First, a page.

Cain, culture and religious rights.

There is now an assumption amongst Christians that the prevailing culture is either the enemy : So we fight against it and talk of eroding rights and standards as with the BA discrimination case yesterday. Or the alternative is that we make our modern culture the primary reference point and reinterpret our theology in the light of this, getting shaped by and submerged in culture: Like Steve Chalke appears to have done with his developing views on homosexuality.

Neither extreme is appropriate or necessary, but a polarisation amongst believers has occurred. Since words like ‘contextualisation’ and ‘ecumenicalism’ entered our vocabulary 40 years ago we have begun to move in opposing directions which now see us split down pretty well defined lines of evangelical and liberal. Strangely enough, the Evangelicals amongst us often find ourselves in closer accord with the Orthodox(again, as with the Coptic Christian and BA),than with the liberal.

The scriptures don’t require a leaning in either direction, nor do they ask for a delicate ‘Anglican’ balancing act. Culture is not the enemy – God invented it. In Genesis 1.26-28 we see men and women created in the image of God, male and female, carrying His imprint and ideas out into the world, leading, stewarding, filling out and spreading.
So by the time of Genesis 4 Cain is building a city, presumably inhabited by others, and at that the time the most concentrated crowd of people on the planet. Alongside this emerging city culture are those who live in tents and raise livestock. There are musicians, toolmakers, young and older generations, lovers, murderers and worshippers! All these differing cultures, preferences and worldviews are already developed by Genesis 4.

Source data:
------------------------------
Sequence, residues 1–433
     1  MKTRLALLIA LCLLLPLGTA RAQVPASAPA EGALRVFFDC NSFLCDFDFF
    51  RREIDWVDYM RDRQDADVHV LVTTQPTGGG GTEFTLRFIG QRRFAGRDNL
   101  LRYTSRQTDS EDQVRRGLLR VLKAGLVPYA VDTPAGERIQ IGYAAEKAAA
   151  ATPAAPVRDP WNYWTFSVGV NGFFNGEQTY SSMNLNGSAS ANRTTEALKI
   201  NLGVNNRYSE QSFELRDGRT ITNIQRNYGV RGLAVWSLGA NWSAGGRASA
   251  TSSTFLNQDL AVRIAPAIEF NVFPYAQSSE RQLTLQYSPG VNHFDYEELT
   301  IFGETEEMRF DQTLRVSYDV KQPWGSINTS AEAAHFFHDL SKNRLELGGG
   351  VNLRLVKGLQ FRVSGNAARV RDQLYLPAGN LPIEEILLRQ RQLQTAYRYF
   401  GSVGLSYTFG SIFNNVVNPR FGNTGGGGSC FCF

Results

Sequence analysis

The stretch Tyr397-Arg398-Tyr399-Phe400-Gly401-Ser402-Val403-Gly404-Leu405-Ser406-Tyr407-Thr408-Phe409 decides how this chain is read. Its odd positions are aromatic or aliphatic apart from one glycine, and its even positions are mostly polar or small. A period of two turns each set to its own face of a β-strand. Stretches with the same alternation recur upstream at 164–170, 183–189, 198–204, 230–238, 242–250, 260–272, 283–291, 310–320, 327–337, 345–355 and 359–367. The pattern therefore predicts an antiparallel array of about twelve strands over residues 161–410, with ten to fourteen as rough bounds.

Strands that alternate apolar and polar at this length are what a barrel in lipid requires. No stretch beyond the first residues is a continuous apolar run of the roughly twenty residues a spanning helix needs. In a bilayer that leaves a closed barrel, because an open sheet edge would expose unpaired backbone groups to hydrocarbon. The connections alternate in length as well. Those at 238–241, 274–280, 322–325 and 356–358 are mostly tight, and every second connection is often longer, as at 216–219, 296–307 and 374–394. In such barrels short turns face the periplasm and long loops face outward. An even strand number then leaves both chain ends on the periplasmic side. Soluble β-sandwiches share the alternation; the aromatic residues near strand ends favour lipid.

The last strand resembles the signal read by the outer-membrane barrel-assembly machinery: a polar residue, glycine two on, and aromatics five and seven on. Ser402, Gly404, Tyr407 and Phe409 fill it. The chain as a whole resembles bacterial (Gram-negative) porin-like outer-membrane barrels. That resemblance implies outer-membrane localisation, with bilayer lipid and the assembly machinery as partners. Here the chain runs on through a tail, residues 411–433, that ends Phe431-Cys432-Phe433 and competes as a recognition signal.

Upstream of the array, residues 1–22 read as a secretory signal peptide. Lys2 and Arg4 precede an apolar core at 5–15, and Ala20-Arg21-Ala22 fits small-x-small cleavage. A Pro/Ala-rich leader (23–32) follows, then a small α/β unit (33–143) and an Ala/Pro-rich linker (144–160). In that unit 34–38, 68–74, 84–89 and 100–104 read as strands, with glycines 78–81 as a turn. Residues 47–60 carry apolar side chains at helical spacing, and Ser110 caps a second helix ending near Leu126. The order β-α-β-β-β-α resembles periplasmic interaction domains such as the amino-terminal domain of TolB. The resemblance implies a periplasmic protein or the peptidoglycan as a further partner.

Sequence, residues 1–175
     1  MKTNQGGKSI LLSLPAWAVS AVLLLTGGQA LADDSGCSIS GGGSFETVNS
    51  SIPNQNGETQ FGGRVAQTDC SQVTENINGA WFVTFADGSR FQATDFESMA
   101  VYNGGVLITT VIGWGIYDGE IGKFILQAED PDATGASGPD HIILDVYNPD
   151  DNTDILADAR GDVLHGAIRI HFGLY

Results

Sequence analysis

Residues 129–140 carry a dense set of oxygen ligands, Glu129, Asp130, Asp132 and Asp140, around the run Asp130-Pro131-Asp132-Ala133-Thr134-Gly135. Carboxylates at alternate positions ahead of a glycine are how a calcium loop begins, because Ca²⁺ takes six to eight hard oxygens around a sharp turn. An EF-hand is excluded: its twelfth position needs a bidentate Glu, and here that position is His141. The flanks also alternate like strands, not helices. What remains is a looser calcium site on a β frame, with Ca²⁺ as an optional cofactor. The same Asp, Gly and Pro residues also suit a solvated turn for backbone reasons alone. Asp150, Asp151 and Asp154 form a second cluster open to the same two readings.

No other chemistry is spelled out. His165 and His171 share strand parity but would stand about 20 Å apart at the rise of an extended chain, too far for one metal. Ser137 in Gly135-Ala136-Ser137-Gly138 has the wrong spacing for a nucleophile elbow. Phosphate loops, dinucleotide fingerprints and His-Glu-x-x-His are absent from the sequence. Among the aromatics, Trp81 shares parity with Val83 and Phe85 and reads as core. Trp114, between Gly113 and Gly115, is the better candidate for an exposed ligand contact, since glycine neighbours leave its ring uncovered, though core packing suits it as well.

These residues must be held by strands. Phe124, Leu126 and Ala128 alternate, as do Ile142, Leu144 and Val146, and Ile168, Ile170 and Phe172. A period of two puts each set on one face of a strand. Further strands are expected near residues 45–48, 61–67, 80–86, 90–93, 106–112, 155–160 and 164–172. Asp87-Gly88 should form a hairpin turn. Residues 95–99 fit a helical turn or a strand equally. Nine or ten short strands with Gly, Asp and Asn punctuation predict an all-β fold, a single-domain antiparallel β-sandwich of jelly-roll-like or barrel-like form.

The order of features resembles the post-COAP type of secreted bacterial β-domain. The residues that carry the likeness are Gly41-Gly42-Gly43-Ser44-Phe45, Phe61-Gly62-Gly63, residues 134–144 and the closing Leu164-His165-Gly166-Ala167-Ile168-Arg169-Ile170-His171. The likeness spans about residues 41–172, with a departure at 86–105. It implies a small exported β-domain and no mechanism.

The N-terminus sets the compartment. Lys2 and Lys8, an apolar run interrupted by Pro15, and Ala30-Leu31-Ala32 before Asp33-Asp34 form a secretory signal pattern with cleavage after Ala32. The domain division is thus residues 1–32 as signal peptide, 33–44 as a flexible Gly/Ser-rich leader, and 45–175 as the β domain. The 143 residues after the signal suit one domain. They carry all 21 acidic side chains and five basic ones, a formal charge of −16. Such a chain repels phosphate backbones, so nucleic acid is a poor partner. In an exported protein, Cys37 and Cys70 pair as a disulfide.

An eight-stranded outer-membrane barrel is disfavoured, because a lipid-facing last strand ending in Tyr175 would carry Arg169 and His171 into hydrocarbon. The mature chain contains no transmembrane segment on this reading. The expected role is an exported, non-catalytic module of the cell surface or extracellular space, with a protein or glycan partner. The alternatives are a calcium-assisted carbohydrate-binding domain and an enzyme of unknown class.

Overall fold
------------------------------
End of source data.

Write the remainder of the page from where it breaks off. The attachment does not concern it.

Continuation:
So God designed culture and released it like a seed in us – but it is a culture spoiled by the contamination of sin. All cultures that flowed out of Eden show something of the spark of God’s creativity but were tainted. Some were totally opposed – nothing in a culture of violence which leads to murder reflects the heart or image of God for example.

What does this foundation mean for us today as 21st Century believers?
All the competing worldviews around us stand in need of redemption through the unchanging gospel of Jesus Christ. Of course we walk sensitively and wisely through the cultural assumptions of our generation, our desire is to build bridges to biblical truth and reach lost people, not repel them with inflammatory dogma!
Ultimately our role is to contrast the emptiness of life and any culture which is outside the original mandate given by God to fill the earth with men and women bearing His image.

Just as in Cain’s day, even the best aspects of worldly culture only manage to point dimly towards the greater biblical worldview. Our purpose with the gospel then is to create a contrast, to cause an appetite of desire in those who are submerged – by laying a new foundation of a kingdom culture with our lives and community. In the end, looking and sounding like people who have been with Jesus in itself exposes the lies and bankrupt assumptions of the ideas behind our generation.

We don’t need a court case that fights for external dress codes or religious rights, any more than we just begin aping local ideas and customs. We model an inside out reality of changed hearts which releases a different kind of fragrance to religious rights or cultural submission – a fragrance which stirs a hunger deep in the hearts of Cain’s lost descendants for the image of God to be discovered and restored in them.


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